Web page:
Sunday, April 8, 2012

How To: Write a C# Issue Provider



A month ago I blogged about context actions using NRefactory. I got positive feedback about the new possibilities of context actions and we worked hard to improve the API and getting the NRefactory capabilities into Monodevelop.
In SharpDevelop the actions and issue providers are running too. With NRefactory as base we can share these features.
And now we have a custom refactoring infrastructure that makes it easy to write actions and issue providers. A code issue doesn't just analyze one point in the file like the context actions it analyzes the whole file in a background thread and shows it's findings as underlines in the text editor and/or in the task bar.
Furthermore a code issue can provide a code action to fix the issue.
In this post we'll create a code issue provider and the code action to fix that issue using the NRefatory API.

Writing the Code Issue Provider

I've decided to do what others already did (then you know that it works and is helpful)- creating a code issue provider for local variable declarations that can be converted to constants.

Look at that code:

In the code above pi is assigned to a constant value that never changes (I would recommend using Math.PI, but that's not part of this blog) and can be converted to a local constant:

For the analysis we need to do:
  • Check that the variable declaration is not constant
  • Check that all variables of the declaration have an initializer that is a constant expression
  • Analyze the data flow to ensure that the variables are read only

Creating the provider class

A code issue provider needs to implement the ICodeIssueProvider interface. This is nothing more than yielding a list of all identified  CodeIssues in a file. (In our case all variable declarations that can be made constant.)
For making the thing work in the IDE an IssueDescriptionAttribute gives all the information the IDE needs to display this issue.

In code that looks like the following one.

Code Issue logic

For analyzing a syntax tree it's a good approach to use the visitor pattern. There is a pre defined visitior that is specialized in code issues. We just create a visitor to analyze the syntax tree that is handling variable declaration statements.

That looks like.

The VisitVariableDeclarationStatement is called for all local variable declaration statements and we need to analyze each of them, if they can be converted to a constant.
First we check, if the variable declaration is already a constant, if so we can safely ignore it:

After that we need to ensure that all variable initializers are constant. We need to resolve the initializers and determine, if the resolve result is a constant one:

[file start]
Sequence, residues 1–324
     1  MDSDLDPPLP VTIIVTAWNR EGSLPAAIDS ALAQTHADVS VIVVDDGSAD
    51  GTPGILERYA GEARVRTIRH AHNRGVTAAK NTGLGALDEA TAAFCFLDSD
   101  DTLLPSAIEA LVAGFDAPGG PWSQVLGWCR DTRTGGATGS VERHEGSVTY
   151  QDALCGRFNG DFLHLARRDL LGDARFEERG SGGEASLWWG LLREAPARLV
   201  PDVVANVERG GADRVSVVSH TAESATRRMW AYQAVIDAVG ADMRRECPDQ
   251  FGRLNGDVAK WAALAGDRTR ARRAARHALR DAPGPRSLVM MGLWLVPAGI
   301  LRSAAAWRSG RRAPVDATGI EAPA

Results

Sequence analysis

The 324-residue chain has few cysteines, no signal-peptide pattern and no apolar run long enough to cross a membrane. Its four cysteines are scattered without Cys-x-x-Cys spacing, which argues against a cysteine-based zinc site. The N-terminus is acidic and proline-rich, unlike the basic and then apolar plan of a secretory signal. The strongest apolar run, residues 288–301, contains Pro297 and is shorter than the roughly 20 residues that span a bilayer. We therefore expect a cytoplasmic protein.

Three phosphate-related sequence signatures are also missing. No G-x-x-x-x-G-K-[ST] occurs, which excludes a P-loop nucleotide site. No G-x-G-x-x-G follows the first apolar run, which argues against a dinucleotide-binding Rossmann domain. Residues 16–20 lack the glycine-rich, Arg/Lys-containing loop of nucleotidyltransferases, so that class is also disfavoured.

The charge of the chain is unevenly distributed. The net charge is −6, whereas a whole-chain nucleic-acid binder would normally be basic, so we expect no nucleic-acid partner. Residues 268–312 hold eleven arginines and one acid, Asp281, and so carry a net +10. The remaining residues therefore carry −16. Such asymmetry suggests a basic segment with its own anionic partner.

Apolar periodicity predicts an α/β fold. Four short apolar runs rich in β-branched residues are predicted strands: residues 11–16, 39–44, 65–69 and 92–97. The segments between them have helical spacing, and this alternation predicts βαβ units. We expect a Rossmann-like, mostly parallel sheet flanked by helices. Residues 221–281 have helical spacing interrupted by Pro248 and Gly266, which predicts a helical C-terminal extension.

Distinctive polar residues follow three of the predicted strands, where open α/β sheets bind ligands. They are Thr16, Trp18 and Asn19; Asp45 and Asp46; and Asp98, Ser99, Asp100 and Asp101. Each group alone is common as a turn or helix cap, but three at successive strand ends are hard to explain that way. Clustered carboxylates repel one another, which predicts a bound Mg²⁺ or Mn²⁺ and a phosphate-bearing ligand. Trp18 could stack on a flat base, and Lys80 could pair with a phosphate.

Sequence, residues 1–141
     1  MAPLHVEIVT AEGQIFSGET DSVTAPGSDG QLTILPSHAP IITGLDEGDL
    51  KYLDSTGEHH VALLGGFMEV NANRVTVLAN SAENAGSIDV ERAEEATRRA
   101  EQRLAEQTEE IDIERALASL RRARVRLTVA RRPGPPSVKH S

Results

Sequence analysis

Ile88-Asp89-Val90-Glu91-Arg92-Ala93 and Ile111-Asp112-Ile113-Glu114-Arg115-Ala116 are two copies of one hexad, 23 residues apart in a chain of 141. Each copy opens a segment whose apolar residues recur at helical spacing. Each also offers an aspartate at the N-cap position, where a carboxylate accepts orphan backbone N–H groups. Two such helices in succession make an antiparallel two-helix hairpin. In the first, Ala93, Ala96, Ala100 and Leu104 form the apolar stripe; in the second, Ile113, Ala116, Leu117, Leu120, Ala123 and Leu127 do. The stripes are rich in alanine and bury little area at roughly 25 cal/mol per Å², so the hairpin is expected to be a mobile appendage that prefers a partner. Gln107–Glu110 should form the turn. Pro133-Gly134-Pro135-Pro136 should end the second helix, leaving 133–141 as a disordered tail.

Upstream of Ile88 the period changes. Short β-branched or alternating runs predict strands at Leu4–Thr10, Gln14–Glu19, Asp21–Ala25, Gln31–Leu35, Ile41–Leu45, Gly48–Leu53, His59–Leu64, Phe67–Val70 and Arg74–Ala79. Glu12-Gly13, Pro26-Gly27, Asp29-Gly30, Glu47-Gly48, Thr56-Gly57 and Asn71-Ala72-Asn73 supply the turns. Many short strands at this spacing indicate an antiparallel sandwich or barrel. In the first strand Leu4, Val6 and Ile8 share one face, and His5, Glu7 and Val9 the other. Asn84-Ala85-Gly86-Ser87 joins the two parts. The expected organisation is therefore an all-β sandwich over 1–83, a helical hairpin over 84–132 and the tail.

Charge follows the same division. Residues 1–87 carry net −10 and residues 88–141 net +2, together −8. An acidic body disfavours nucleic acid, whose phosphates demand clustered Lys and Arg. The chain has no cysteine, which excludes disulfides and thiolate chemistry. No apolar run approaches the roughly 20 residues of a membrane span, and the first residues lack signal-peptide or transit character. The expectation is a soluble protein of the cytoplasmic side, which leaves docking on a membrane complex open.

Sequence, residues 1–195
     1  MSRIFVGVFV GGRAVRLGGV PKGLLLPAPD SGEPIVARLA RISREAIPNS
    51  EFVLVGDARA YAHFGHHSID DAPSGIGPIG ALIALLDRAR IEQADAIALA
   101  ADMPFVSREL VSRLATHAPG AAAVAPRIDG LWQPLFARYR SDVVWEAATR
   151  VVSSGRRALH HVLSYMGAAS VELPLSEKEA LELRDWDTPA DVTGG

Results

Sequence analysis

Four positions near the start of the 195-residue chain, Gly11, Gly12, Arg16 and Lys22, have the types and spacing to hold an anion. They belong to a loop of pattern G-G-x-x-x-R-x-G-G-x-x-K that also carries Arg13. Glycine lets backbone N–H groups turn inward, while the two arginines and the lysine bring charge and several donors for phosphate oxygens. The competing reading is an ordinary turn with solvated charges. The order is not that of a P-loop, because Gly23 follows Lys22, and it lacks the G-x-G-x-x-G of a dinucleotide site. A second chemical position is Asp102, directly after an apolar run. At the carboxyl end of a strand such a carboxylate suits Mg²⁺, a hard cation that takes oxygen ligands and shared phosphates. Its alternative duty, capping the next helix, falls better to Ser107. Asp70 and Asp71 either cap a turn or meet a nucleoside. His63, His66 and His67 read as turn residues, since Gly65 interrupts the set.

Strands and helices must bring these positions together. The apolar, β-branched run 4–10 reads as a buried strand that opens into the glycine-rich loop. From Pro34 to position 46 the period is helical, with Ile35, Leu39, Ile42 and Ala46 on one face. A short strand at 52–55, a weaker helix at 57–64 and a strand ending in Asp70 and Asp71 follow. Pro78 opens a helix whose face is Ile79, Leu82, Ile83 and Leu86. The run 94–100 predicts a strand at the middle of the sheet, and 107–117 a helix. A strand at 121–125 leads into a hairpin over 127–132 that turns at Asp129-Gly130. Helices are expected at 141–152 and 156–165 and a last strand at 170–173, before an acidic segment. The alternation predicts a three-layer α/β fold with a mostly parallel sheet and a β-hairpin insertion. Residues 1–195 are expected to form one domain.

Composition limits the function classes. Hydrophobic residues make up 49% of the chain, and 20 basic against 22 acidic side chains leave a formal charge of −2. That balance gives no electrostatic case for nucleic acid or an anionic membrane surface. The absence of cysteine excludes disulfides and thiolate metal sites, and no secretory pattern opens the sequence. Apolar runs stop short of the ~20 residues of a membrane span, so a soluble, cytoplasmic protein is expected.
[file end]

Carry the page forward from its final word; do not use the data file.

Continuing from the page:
Note that all elements in the syntax trees are always != null, therefore null checks are not needed. That makes writing refactoring less error prone. However relative nodes like the Parent or FirstChild can be null, otherwise it would break the tree structure. But never things like an embedded statement in an if. To mark that as 'not in ast' a null object is given back which can be checked with IsNull.

Now things become a bit more complicated because we need to analyze the data flow. We need to analyze the data flow from the declaration statement to the end of the containing block to ensure that the variable is never changed.

Thats what the definite assignment analysis is for. It determines the state of a variable at a given point. We can use SetAnalyzedRange to limit the analyzing range. That is needed because an initializer will always set the variable state and we need to know it the variable is set between its declaration and the end of the containing block. Thefore we calls SetAnalyzedRange with the variable declaration (excluded - an initializer always sets a variable) to the end of the containing block (included).

Then we just need to do is to ask the assignmentAnalysis, if a variable gets assigned in its life time.

Adding the issue and fix action

Now all necessary analysis is done. If the code hasn't returned the variable declaration statement can be made constant.
Now time for creating the code issue and a fix action. Note that the fix action is optional. The code issues share the code action infrastructure with the code actions.
The difference here is that the issue and fix action is added to a node in the syntax tree - in our case the variable declaration.
An action contains a script. This is basically an syntax tree transformation, but can contain more text editor like actions as well like activating a linked name mode in the text editor (for naming newly created variables for example).
In our case we just need to add a 'const' before the variable declaration.  That would be fairly easy with a script.InsertBefore (varDecl, new CSharpModifierToken (Modifiers.Const)); call - but let's do it with a more complex syntax tree transformation.

We need to change the variable declarations modifiers. But the tree is immutable. However it is possible to clone an immutable node which can be altered. That's what we do - we clone the declaration, add a const modifier to it and replace the original variable declaration with it's altered version:

The TranslateString function should be used for all strings displayed (The IssueDescription is included as well) so that they're automatically added to our translation database.

Whole source code

Here is the whole source code of the issue provider - it just takes 50 lines:

After adding this class to the NRefactory project and starting Monodevelop we'll have the code issue provider working inside the IDE:

And after the fix:

Now you've your first code issue provider using the NRefactory API that performs syntactic and semantic analysis and also changes code. Congratulations!